When my play The Stories of Us was chosen for the Teatro Vivo’s annual Austin Latino Play Festival 2015, I was shocked to say the least. My play was Black—Blacker than Black. It called out African Americans, Latin@s, and Afro-Latin@s for the broken bonds between us, racism, and many things that we fail to say in normal conversations. I confided in a colleague about my nervousness about work being in that space and he told me, “It’s needed there.” Although I am not Afro-Latin@, I identify with Afro-Latin@ experiences. Being a Black American and speaking Spanish in Texas, I am often met with the question “You know Spanish?” or “How did you learn Spanish?” These questions reflect the lack of exposure to Afro-Latinidad and the hidden erasure of these stories. Why is my language ability even a question?
Navigating Latin@ theatre spaces as a Black American has been an awesome experience for the most part. My work has had a significant amount of support by Latin@ artists. In 2013, I attended the National Association of Chicana and Chicano Studies conference at the then University of Texas Pan American (now Rio Grande) with UT Professor Roxanne Schroeder-Arce. I was a part of an outstanding group of student artists from both Pan-American and UT Austin that devised a bilingual performance piece on culture and identity. I felt empowered in the space and made sure that my identity as was visible. Each actor in the piece came up with a line that represented their identity. My line “I am La Negra que Tiene Tumbao from the famous Celia Cruz song” sparked a conversation amongst my peers about Afrolatin@ identity. In artistic spaces, I feel at home, but it’s the everyday erasure of Blackness in Latin@ theatre that I strive to fight against.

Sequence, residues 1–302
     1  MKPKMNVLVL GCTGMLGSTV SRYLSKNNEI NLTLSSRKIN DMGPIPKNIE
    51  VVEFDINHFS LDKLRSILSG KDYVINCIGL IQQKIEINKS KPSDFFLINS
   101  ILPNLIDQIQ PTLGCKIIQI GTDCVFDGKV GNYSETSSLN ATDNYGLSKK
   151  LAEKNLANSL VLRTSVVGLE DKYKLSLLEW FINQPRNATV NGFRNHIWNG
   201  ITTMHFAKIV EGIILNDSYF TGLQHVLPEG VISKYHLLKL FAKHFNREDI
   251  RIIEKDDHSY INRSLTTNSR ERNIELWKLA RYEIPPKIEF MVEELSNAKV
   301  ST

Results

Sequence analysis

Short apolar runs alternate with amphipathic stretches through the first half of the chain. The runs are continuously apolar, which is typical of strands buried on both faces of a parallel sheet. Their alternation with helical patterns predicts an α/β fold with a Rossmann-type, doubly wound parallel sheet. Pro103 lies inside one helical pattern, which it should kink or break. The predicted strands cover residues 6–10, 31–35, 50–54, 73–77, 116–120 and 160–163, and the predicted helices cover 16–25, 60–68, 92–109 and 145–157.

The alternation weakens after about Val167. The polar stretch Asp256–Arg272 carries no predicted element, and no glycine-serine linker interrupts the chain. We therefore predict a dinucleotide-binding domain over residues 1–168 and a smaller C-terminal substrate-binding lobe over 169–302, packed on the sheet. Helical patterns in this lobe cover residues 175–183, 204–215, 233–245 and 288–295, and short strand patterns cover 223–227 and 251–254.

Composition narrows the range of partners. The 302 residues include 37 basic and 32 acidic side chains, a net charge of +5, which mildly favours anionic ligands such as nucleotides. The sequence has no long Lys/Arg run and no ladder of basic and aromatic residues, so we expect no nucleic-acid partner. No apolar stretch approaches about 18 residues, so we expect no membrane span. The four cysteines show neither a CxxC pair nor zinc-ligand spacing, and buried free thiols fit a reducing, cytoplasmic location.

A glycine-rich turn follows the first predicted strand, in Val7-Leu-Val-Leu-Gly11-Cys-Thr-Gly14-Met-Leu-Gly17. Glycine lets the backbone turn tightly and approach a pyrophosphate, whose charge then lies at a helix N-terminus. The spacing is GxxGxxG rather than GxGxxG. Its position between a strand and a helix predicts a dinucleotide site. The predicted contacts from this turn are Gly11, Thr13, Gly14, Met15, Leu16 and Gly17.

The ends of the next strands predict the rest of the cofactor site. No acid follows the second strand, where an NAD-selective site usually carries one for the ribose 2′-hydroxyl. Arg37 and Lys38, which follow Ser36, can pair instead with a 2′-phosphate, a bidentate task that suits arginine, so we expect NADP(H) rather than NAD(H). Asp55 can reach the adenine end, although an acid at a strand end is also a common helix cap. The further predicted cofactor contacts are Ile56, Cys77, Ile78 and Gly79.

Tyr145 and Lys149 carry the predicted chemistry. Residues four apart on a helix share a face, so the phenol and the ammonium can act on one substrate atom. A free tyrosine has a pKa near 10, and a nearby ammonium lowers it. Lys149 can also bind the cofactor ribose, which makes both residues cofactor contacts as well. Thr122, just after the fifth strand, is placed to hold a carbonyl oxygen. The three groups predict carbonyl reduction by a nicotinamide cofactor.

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© Black Girl, Latin World